Even though his mind and body were separated by miles he could feel the sensation of his hairs pricking up as a surge of panic spread through his body. Aware that this heightened emotion would soon rupture his concentration he sprinted forward, his ethereal legs carrying him forward at speeds that his mortal ones could never achieve. As he ran the colourless world flickered past him like lightning. In places it merged into great walls of grey, the streams of energy slowing to a crawl and congealing into one dull mass. By the time he reached the two men’s location the ether had melted into a cone of grey mulch, covering everything outside his path.

There were, it turned out, three men, standing over something covered by a blanket. One was a soldier, wearing the same uniform that all the others did. He deduced that he was most likely the young Karinskar. At his side was a much more armoured man whose face was a patchwork of scars and weathered lines. He was looking at the soldier apathetically, but Swansow could taste the cool, bitter revulsion that lingered in the air around him.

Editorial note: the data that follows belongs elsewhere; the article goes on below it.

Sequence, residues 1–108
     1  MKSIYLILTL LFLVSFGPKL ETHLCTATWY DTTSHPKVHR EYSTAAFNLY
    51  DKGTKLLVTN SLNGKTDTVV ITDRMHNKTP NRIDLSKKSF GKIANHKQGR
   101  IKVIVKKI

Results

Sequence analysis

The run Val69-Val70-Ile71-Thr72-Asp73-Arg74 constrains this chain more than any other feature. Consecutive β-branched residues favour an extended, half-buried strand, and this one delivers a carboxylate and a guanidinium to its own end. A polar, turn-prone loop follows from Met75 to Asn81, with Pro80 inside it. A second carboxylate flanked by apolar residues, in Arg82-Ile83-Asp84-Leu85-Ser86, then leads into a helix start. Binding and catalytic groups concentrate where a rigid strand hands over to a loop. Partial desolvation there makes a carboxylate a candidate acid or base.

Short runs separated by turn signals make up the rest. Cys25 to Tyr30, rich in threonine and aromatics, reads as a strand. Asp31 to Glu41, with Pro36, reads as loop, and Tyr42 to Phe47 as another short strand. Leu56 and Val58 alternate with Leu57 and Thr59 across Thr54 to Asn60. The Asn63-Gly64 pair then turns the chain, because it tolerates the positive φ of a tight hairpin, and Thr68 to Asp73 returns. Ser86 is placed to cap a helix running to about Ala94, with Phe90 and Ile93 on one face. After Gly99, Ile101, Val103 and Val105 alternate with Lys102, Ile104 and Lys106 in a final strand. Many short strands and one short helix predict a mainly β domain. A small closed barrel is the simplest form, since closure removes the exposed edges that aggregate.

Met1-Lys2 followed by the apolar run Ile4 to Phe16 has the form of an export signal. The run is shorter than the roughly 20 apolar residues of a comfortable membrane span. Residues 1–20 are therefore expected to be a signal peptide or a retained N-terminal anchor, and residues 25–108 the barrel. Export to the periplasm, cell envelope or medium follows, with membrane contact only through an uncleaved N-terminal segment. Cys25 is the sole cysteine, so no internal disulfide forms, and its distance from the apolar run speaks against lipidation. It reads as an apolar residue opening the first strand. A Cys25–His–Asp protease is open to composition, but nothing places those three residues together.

‘He is well,’ said the man, immediately identifying himself as the Thesal, ‘for now at least. Either way you can quit sitting around on your backside and get back to work.’